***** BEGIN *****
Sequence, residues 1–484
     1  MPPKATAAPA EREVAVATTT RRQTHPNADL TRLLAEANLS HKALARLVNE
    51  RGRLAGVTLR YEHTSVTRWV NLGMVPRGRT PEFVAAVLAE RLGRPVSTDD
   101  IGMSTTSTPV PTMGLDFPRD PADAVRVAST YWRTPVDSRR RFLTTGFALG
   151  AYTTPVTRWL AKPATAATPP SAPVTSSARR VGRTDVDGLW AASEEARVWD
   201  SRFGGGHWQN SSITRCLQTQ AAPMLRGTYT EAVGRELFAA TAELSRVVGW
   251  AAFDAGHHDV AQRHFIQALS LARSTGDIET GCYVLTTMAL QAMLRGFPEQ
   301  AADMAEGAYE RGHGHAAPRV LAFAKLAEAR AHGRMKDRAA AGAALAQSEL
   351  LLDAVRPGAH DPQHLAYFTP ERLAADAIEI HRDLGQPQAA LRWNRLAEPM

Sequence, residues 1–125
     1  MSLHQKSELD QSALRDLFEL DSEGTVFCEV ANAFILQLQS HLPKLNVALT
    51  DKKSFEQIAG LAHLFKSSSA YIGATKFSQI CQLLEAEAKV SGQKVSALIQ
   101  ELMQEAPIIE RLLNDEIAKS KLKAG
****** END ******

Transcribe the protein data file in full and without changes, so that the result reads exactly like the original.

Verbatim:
Sequence, residues 1–484
     1  MPPKATAAPA EREVAVATTT RRQTHPNADL TRLLAEANLS HKALARLVNE
    51  RGRLAGVTLR YEHTSVTRWV NLGMVPRGRT PEFVAAVLAE RLGRPVSTDD
   101  IGMSTTSTPV PTMGLDFPRD PADAVRVAST YWRTPVDSRR RFLTTGFALG
   151  AYTTPVTRWL AKPATAATPP SAPVTSSARR VGRTDVDGLW AASEEARVWD
   201  SRFGGGHWQN SSITRCLQTQ AAPMLRGTYT EAVGRELFAA TAELSRVVGW
   251  AAFDAGHHDV AQRHFIQALS LARSTGDIET GCYVLTTMAL QAMLRGFPEQ
   301  AADMAEGAYE RGHGHAAPRV LAFAKLAEAR AHGRMKDRAA AGAALAQSEL
   351  LLDAVRPGAH DPQHLAYFTP ERLAADAIEI HRDLGQPQAA LRWNRLAEPM

Sequence, residues 1–125
     1  MSLHQKSELD QSALRDLFEL DSEGTVFCEV ANAFILQLQS HLPKLNVALT
    51  DKKSFEQIAG LAHLFKSSSA YIGATKFSQI CQLLEAEAKV SGQKVSALIQ
   101  ELMQEAPIIE RLLNDEIAKS KLKAG